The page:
Wall Street’s major indexes soared after U.S. home prices saw their best annual rise in seven years, and consumer confidence got another boost. But even before today’s stock-market gains, President Obama is in rare company when it comes to Wall Street returns.
…. I don’t think a strong stock market is necessarily proof of a robust economy. On the contrary, I care far more about unemployment, median wages, and economic growth than Wall Street returns. But the right shouldn’t try to have it both ways – if a bear market in 2009 is, in the minds of conservatives, clear proof that Obama’s agenda is misguided and dangerous, then by the same reasoning, should we interpret soaring Wall Street indexes as proof of Obama’s genius?
Ed Kilgore: ….. we’re having to come to grips with the fact that about half the states appear unlikely to participate fully in the Medicaid expansion provided for in the Affordable Care Act …. that leaves quite a few (including most of the South) just flat out refusing to do anything for people with incomes under the federal poverty line. And that creates a very large “coverage gap … I’d suggest the “wingnut hole.”
ThinkProgress: How Obamacare Is Encouraging Employers To Cut Wasteful Spending And Promote Workers’ Health
In an effort to cut wasteful U.S. medical spending, certain employers will be scaling back expensive health plans available to their employees and encouraging workers to pursue more preventative and ongoing primary care. The move is being prompted by Obamacare provisions that encourage a more cost-sensitive and efficient approach to Americans’ health care than the status quo.
Bloomberg: The unofficial slogan for Massachusetts Democrats as they work toward a special U.S. Senate election next month is “Remember 2010.”
That was the year that political newcomer Scott Brown won the seat held for 46 years by the late Democratic Senator Edward Kennedy and became the first Republican to prevail in a Massachusetts Senate race since 1972.
…. To demonstrate the party isn’t resting on its 3-to-1 voter registration edge over Republicans, Democratic leaders are lining up behind nominee Representative Ed Markey, 66, including first lady Michelle Obama, who is set to host a fundraiser for him today in Boston. The president, who has a 67 percent approval rating in the state according to a recent poll by Suffolk University, endorsed him yesterday.
But Dotster found this: First Lady Michelle Obama won’t be joining the president back home. She is scheduled to be in New York for Democratic National Committee fundraisers, including a gala for the lesbian, bisexual and transgender communities that features Jason Collins, the first openly gay active NBA player.” (Chicago Tribune) – so, not sure which is right. Both??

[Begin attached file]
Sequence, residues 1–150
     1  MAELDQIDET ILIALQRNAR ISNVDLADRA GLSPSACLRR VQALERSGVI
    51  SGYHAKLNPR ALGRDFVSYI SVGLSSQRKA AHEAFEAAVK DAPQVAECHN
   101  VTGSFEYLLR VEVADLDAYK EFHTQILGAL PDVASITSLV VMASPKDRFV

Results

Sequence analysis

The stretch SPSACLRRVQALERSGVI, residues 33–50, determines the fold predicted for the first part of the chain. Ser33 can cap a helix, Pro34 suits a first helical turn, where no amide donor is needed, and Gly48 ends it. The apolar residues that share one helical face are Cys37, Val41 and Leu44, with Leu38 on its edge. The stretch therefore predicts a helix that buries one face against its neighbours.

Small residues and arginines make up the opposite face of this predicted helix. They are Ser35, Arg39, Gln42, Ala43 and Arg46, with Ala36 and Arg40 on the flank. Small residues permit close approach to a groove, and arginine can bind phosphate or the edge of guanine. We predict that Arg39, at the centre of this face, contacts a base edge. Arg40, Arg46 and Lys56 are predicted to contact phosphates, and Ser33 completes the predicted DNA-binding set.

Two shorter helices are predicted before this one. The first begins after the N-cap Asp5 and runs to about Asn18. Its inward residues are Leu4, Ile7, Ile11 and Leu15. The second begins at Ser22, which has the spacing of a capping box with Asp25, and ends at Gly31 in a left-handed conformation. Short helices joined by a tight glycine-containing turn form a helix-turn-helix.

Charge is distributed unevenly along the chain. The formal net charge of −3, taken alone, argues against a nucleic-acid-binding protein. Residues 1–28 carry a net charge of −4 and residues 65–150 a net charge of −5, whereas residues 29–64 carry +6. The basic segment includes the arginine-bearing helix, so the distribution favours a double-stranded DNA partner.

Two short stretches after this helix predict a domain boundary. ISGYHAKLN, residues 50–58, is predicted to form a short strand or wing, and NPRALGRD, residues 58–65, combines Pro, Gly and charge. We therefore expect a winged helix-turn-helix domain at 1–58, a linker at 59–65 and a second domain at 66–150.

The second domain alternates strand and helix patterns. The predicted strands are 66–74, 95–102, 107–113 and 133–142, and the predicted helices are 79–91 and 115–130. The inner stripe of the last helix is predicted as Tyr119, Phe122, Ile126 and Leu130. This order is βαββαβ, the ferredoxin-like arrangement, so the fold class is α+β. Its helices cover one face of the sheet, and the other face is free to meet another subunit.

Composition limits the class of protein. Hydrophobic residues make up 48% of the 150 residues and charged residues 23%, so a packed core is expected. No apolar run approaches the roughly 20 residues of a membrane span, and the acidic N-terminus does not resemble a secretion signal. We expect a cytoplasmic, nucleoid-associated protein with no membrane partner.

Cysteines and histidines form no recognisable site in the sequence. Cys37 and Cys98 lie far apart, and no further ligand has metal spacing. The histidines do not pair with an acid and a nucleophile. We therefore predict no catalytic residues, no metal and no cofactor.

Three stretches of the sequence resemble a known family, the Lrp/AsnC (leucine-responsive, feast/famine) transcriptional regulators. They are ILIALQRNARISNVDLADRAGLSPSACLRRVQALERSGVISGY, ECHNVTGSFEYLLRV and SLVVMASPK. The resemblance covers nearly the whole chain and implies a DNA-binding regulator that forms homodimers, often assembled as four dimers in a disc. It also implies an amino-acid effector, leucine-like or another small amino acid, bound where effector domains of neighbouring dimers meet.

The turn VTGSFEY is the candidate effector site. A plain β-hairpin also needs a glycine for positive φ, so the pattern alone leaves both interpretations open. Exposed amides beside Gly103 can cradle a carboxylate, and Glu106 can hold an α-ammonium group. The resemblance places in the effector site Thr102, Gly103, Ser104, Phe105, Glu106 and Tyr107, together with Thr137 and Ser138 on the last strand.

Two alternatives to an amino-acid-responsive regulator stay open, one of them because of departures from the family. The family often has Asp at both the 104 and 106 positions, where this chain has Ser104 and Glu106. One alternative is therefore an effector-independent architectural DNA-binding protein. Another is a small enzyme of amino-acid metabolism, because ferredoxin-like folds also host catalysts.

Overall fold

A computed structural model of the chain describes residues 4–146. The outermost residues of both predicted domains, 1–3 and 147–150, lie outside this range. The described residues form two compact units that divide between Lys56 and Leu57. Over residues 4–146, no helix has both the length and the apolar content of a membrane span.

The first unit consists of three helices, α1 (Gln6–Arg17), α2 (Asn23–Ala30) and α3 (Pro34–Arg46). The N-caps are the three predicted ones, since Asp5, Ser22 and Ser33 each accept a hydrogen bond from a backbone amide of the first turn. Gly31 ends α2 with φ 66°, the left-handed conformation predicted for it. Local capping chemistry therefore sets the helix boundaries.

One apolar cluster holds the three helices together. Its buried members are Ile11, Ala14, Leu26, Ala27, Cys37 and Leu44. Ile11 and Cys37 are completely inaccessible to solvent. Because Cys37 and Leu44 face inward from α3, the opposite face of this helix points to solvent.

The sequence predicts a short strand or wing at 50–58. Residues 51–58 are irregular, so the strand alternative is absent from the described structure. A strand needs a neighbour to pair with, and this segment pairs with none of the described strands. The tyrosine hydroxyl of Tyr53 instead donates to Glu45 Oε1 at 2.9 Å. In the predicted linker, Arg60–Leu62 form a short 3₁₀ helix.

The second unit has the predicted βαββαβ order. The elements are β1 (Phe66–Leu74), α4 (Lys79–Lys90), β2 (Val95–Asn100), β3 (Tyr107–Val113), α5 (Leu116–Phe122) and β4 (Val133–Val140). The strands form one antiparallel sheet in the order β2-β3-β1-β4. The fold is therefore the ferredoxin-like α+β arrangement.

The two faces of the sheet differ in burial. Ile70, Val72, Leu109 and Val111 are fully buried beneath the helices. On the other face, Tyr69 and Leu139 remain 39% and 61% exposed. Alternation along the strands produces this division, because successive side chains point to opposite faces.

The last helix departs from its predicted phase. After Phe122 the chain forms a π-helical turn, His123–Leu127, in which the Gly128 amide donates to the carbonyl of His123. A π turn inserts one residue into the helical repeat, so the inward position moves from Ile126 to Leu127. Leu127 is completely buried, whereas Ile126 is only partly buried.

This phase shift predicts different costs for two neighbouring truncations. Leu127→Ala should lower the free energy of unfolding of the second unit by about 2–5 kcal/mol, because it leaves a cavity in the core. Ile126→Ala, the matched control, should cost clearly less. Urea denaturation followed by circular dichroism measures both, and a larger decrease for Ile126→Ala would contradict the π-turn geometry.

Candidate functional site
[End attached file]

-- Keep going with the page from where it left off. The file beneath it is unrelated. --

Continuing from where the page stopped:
Steve Benen: Rep. Michele Bachmann (R-Minn.), who’s made quite a name for herself over the course of four terms in Congress, made a surprise announcement overnight: she won’t seek re-election…..
…. In recent elections, the right-wing Minnesotan eked out narrow victories — she very nearly lost last November — and recent polling suggested Bachmann would struggle to keep her seat in 2014. Quitting will save her the trouble of losing.
…. Bachmann will be missed, but mostly by the nation’s comedy writers.
You might possibly have spotted – and you might not – a shiny new blog roll link in the sidebar on the right. It’s still a work in progress, but I just thought it might be handier to have a dedicated page of links to sites we love, rather than having them half way down the page in the sidebar.
Any way, just wanted to ask you all if you have any suggestions for links I should add to the list? Non-Firebagger sites, needless to say, and whatever other newsie places you think are worth including.
Meanwhile, ginormous thanks to UT, LL and LovelyPlains for their splendiferous posts today.
Ezra Klein (Washington Post): I had some issues with David Brooks’s column Friday on the two parties’ sequester positions …. A transcript of our conversation follows.
Ezra Klein: In the column, you said that the Obama administration doesn’t have a plan to replace the sequester. I feel like I’ve had to spend a substantial portion of my life reading their various budgets and plans to replace the sequester, and my sense is that you’ve had to do this, too. So, what am I missing?
David Brooks: First, the column was a bit of an over-the-top lampooning column about dance moves. I probably went a bit too far when saying the president didn’t have a response to the sequester save to raise taxes on the rich. In the cool light of day, I can say that’s over the top. There’s chained CPI and $400 billion in health proposals. So I should say I was unfair. I’m going to attach a note to the column, if it’s not up already.